Browse all Reviews
The arrival of this new synthesis provides an occasion for Elizabethan military historians to reflect how far this field has come in the past twenty years, as has the whole field of early modern military history.
This exciting new study argues that medieval aristocratic women not only had power to exercise authority, but that they did so in different capacities depending on the times of their life cycle.
Nearly a century after G.M.
Few figures in British history have such storied reputations as Elizabeth I or James VI & I. The three books reviewed here represent recent contributions to changing and evolving approaches to these rulers. While none of the authors offers a bold new interpretation, Pauline Croft most successfully draws together twenty years of revisionist scholarship to present a new composite portrait.
George III, as G. M. Ditchfield readily acknowledges in his authorial preface, has hardly been ignored by historians.
This publication in a convenient and user-friendly format of fifteen essays written by Professor Guy over the past quarter century is to be welcomed.
It is one of those quirky features of our ancient, but constantly changing, Constitution that one particular Cabinet Office document may warrant such an extensive enquiry. However, Amy Baker's Prime Ministers and the Rule Book rises to the challenge and produces a convincing and illuminating study.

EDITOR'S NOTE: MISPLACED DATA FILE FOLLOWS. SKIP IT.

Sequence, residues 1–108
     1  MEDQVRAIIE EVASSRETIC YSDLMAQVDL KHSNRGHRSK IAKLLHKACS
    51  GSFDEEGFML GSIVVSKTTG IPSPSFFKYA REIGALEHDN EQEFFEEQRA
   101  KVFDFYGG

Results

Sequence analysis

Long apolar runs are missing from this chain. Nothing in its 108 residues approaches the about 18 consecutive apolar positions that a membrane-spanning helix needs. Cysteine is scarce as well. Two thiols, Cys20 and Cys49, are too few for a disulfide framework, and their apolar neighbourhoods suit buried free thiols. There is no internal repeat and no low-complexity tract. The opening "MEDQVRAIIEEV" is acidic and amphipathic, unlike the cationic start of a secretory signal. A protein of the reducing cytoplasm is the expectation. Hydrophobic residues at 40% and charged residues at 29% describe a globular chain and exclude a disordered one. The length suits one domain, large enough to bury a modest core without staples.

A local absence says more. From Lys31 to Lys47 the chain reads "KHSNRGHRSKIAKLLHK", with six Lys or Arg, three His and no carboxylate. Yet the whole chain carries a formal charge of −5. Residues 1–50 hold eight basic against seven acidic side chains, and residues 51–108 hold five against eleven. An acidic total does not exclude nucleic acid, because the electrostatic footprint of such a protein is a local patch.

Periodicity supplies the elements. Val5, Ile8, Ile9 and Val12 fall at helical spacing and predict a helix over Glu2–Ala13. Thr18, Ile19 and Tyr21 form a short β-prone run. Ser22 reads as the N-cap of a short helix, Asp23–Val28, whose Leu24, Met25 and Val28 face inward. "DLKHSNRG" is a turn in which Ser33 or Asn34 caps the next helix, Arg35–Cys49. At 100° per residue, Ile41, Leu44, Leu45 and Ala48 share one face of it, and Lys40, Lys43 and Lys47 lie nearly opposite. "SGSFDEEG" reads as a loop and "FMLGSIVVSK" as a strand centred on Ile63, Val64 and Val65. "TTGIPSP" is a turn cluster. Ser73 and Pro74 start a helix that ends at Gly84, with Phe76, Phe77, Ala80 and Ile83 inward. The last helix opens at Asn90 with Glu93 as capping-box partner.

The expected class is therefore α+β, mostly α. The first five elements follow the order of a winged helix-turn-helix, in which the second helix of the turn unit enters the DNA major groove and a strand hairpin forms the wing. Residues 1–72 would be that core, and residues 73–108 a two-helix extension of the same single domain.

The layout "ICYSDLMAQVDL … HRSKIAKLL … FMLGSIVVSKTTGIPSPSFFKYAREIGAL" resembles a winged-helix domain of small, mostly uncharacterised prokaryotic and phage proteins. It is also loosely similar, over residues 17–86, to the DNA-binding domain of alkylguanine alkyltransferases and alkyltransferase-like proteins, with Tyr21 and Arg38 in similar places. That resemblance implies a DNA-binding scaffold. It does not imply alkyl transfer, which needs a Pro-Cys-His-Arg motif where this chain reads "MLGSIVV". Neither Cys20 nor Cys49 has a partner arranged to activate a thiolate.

By official decree, Brazil celebrates its 500th anniversary in 2000: the modern history of the country dating from April, 1500, when a fleet commanded by Pedro Alvares Cabral anchored at Porto Seguro on the north-east coast of Bahia.
'The Oratory of Triumph'
In a recent article on the relationship between Sir Alexander Malet, Britain's minister plenipotentiary to the German Confederation at Frankfurt from 1852 to 1866, and Otto von Bismarck, Prussia's delegate to this assembly for much of that period, W. A.